Prior to SQL Server 2005, Transact-SQL was relatively relaxed about semi-colons; now some statements (including MERGE) require this terminator. If you terminate all SQL statements with a semi-colon, you avoid problems when the use of a semi-colon is obligatory.

If you cannot tolerate downtime, consider using “ping pong” partitions

Imagine that you have a fact table that is partitioned by month. It is currently August. You need to load today’s data into the August partition, but your users cannot tolerate the performance hit and potential locking conflicts that will be incurred as you load it. Copy the August partition to another table (a working table), load the data into that table, index it as needed, and then simply switch the partitions between the two tables.

Use minimal logging to load data precisely where you want it as fast as possible

Writing data to a database typically involves two separate write-to-disk processes, once writing to the database and once to the log (so transactions can be rolled back or re-done). When inserting data into an existing table it is, in fact, possible to write only once in some cases by using the minimally logged INSERT feature.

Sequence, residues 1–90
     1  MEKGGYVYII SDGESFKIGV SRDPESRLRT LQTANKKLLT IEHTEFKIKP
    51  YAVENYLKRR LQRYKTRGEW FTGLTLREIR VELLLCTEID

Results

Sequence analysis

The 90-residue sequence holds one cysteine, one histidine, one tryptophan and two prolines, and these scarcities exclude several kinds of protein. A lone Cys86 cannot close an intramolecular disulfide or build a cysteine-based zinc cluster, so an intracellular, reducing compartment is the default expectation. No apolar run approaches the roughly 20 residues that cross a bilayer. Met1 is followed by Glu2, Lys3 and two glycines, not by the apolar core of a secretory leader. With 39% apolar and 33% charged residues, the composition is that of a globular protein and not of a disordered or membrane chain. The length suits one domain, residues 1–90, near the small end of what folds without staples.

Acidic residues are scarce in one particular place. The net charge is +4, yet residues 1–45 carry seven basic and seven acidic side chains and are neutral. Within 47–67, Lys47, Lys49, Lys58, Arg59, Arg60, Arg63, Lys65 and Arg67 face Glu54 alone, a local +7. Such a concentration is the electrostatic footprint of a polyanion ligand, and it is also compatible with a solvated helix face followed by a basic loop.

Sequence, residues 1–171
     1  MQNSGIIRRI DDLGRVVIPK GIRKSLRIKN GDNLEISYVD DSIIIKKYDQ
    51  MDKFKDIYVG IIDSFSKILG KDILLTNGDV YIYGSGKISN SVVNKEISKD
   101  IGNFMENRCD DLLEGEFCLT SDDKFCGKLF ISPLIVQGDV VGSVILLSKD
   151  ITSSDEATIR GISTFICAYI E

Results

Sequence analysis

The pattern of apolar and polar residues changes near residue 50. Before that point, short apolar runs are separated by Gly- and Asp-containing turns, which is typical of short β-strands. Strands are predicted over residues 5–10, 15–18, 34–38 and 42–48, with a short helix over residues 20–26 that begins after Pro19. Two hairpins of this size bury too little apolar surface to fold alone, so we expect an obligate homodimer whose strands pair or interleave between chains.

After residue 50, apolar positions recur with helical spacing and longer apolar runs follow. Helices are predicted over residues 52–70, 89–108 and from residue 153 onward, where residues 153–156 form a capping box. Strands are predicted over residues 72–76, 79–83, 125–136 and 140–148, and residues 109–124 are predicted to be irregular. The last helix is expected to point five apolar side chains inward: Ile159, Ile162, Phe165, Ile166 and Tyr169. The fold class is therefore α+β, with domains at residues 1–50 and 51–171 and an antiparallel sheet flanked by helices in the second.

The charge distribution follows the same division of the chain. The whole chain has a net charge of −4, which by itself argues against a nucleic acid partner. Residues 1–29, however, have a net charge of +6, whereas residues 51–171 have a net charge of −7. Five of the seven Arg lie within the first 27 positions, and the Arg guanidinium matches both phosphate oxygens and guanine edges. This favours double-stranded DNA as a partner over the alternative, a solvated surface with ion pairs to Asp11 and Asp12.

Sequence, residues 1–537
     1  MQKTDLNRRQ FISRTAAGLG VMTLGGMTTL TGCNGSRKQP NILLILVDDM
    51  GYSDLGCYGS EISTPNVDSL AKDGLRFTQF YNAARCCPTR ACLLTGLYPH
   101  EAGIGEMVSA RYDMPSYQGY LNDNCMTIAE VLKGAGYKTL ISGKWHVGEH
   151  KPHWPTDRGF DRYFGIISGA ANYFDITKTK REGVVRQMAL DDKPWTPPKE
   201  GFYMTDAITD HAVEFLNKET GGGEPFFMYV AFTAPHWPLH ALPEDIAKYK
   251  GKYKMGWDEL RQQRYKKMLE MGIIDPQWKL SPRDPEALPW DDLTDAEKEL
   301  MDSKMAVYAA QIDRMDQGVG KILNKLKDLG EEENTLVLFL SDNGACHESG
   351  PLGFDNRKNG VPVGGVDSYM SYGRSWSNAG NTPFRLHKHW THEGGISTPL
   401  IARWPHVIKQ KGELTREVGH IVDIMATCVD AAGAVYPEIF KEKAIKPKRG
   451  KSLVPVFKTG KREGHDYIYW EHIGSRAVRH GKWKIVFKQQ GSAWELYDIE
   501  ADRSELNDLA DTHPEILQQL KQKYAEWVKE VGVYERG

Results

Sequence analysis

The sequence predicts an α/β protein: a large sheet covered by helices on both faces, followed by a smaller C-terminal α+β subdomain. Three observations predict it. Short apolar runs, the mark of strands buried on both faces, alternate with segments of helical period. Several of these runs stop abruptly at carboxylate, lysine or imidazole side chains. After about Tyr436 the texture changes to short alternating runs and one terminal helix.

Minimal logging enables transactions to be rolled back but does not support point-in-time recovery. It is also only available with the bulk logged and simple recovery models. In SQL Server 2008, minimal logging can be used with INSERT INTO…SELECT FROM Transact-SQL statements when inserting a large number of rows into an existing table if they are inserted into an empty table with a clustered index and no nonclustered indexes, or a heap, empty or not, with no indexes. (For full details and any late-breaking changes, see SQL Server 2008 Books Online.)